It would be nice if the form's pulldown selections could be updated with eligible items from other sources, e.g. the Bram Stoker Preliminary Ballot and Nebula Ballot, as they're announced.
The form? I would have preferred more choices than the Locus recommended works. A link to a complete list of books received would have been more useful and certainly be more inclusive. The year? Wonderful, although saddened by the loss of so many friends.
[ We did have a more extensive list of 2000 books available online -- here -- though in that detail it has been too time-consuming to maintain, and it's not being maintained for 2001. However for the 2002 poll we'll set up such a list of titles (albeit without all the reference links) for use with voting in the poll. ]
Much easier & more reliable than posting from the UK!
Nice to do this online. (What can't you do online anymore? Well, maybe one or two things.) Under the "Do you like:" heading, you misspelled "humorous" and left out the Other category. I always like to write "science fantasy" in the Other category. The year in SF? It wasn't the best. It wasn't the worst. There's always good stuff if you look. I don't read much as I used to and Locus always helps me decide what's the best stuff to try. Keep up the good work.
Good year in SF; the space for Other SF read, which is on the paper ballot, is missing on this form; the drop-down lists for recommendations were much appreciated.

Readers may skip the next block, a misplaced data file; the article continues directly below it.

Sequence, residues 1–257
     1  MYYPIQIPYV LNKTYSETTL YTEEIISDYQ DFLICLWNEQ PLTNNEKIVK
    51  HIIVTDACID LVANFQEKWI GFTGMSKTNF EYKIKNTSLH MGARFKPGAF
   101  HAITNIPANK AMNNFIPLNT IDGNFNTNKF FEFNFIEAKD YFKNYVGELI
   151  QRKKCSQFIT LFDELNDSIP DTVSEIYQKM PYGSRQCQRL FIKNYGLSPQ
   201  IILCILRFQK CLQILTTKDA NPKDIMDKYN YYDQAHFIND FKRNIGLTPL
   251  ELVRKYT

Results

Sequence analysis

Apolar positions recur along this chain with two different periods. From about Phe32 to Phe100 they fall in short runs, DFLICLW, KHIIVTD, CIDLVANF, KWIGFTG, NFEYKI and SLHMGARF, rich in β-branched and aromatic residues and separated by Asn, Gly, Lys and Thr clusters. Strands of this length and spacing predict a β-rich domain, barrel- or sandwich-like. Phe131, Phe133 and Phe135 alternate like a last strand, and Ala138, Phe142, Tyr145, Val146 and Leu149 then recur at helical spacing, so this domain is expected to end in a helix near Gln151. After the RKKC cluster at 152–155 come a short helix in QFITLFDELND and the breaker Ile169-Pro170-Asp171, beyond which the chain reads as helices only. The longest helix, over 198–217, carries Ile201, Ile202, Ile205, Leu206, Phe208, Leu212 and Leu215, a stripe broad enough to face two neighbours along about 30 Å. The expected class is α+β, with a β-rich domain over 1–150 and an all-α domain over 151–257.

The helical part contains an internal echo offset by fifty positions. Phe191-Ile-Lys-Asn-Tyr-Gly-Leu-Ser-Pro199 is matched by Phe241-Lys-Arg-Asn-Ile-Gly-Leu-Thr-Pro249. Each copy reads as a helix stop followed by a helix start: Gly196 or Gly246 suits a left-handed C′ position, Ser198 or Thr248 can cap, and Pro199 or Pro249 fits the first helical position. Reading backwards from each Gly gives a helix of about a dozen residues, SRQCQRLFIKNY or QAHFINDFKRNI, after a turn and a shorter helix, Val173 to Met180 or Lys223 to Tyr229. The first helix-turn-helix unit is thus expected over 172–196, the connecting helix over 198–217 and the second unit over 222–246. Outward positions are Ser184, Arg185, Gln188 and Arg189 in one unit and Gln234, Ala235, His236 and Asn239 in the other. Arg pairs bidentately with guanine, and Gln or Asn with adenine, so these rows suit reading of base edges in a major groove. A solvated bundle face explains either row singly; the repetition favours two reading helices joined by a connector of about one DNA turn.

You have a typo in Which of the following related subjects... (science, non-ficiton)
You mispelled Kinuko Craft's name! For shame.
[ Oops! Considering that Locus Online is maintained by one person, after work if not too tired, with no one else proof-reading before being posted to the web... we think we do reasonably well. But anyone who spots an error or omission is urged to let us know immediately, and it will be fixed! No error too small. ]
Welcome non-subscribers, they might be future subscribers.
[ Non-subscribers were welcome, as they've been with the paper ballots over the years. About 1/3 -- 65 of 192 online ballots -- came from non-subscribers. ]
I like the voting online.
I'm very glad to see you've got an online ballot. I was afraid I would miss the voting deadline. P.S. Will someone please tell Chris Carter that X-Files is over and we all need to move on? Thank you. Sincerely, Elaine Weaver
I like the online form; it gave me more time to read before answering.
Actually yes: the previous question is quite crooked. It should ask what are the 5 writers you'd like (not think) will still be read...
[ Oh, that was quite intentional, as explained on the previous page... ]
My criteria for the 5 deceased 20th century writer question is twofold. First, are we still reading these people past their death? If not, I don't think they'll have a sudden revival in 50 years. Thus, I've eliminated a lot of authors I hope will be read. Second, does the author's style or content outlast dating or competition from later writers. You'll note I didn't include Heinlein. I'm not sure he'll last another 50 years. I could have included Asimov. I think his robot stories will endure despite technology dating them. Including Wells is sort of cheating. Most of his best and most famous stuff is from the 19th century, but, since he wrote into the 20th, I included him. Let me also state I appreciate all the unpaid labor that goes into the website and the Locus indexes. Locus Online is a site I visit frequently and, in my infrequent purchases from Amazon, try to support with commissions.